- ·printed up beautiful bookmarks and gave me a bunch of them to use, too
- ·had a fabulous teaching guide created by Randi Miller Sonnenshine (http://laurasalas.com/wp-content/uploads/2017/01/If-You-Were-the-Moon-Teaching-Guide-010917.pdf)
- made a highlights version of that teaching
- ·sent out some extra F&Gs myself to bloggers
- created a book trailer (https://www.youtube.com/watch?v=UmfAXIwdMtE&feature=youtu.be)
- created a Pinterest board (https://www.pinterest.com/salaslp/if-you-were-the-moon-for-educators/)
- shared the book in two different sessions at NCTE
- created a new READ bookmark featuring art from the book and adding the book cover to my other covers
- ·am finally having an in-real-life book launch party (hosted by FFTC/Bookhounds--http://laurasalas.com/moon-launch-party/)
- have the materials for teachers on my website (http://laurasalas.com/moon/)
|Laura Salas in her moon dress and Miranda Paul NCTE Conference|
That’s the main stuff. There are other little things, like making a new profile pic of myself holding the book, that are so minor—but they do take time! Or sharing reviews on social media. That’s the ongoing stuff.
5. You write beautiful poetry. Were you a poet first and then a story writer?
Aw, thanks, Tina. Nope :>) I was writing what I thought were picture book manuscripts (looking back, they were short stories) for several years before I thought about writing poetry. I love writing in all sorts of forms, genres, and voices, but poetry is now my first love. Almost any topic or idea that comes to mind, my first thought is, “Hmmm…could that be a poem?” Then, when it can’t, I think about other options. I hope I didn’t hurt my prose manuscripts’ feelings by saying that!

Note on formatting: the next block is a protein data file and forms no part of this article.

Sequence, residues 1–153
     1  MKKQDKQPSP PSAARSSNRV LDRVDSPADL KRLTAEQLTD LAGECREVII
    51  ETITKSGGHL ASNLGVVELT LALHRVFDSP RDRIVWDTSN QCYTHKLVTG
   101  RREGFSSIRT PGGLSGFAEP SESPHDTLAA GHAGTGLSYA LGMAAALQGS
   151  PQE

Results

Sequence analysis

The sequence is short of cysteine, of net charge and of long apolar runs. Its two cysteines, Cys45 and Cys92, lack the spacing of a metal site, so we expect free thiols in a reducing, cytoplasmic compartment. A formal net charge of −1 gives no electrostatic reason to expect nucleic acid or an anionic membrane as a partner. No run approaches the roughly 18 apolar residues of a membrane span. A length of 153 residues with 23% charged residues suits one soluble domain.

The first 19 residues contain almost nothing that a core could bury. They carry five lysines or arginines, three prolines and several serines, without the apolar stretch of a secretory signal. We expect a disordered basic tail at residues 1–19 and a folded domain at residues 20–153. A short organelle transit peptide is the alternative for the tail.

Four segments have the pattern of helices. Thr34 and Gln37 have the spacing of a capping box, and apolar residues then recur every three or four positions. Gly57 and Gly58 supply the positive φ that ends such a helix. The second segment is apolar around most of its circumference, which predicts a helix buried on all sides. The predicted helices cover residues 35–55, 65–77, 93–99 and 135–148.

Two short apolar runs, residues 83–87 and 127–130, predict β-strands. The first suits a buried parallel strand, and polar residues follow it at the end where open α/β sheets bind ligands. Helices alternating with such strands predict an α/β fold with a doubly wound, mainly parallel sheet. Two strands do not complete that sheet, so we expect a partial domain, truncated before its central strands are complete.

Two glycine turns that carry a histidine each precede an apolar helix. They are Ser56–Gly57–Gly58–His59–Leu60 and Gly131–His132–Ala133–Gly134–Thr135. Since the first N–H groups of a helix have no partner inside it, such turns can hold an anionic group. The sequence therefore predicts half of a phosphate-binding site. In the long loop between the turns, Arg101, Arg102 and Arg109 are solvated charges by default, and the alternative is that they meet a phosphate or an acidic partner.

Book Review by Tina Cho
Book Review by Tina Cho
Laura Purdie Salas has written a charming lyrical picture book, If You Were the Moon, about a young girl who discovers fascinating things about the moon. The story begins with the girl looking out the window at the full moon wishing she could do “exactly nothing, just like you.” The moon responds and tells her all the many things it can do. My favorite line: “If you were the moon, you would spin like a twilight ballerina.” A sidebar gives scientific facts about spinning on its axis. Laura has done a fantastic job using sparse text and easy-to-understand kid-like descriptions of the moon’s activities. For example, it plays dodge ball, peek-a-boo, and tug-of-war. Can you guess how? I love how she also incorporated baby turtles, hamsters, and the Asian harvest moon into this story! Sidebars, a glossary, and books for further reading will aid kids who want to know more. And Jaime Kim’s lovely illustrations accentuate the text to light up a young child’s mind.
|another picture book by Laura|
Laura Purdie Salas
Laura Purdie Salas has written more than 125 books for kids, including the award-winning series and She offers books and courses for writers through Mentors for Rent (MentorsForRent.com) and speaks at writing conferences around the country. laurasalas.com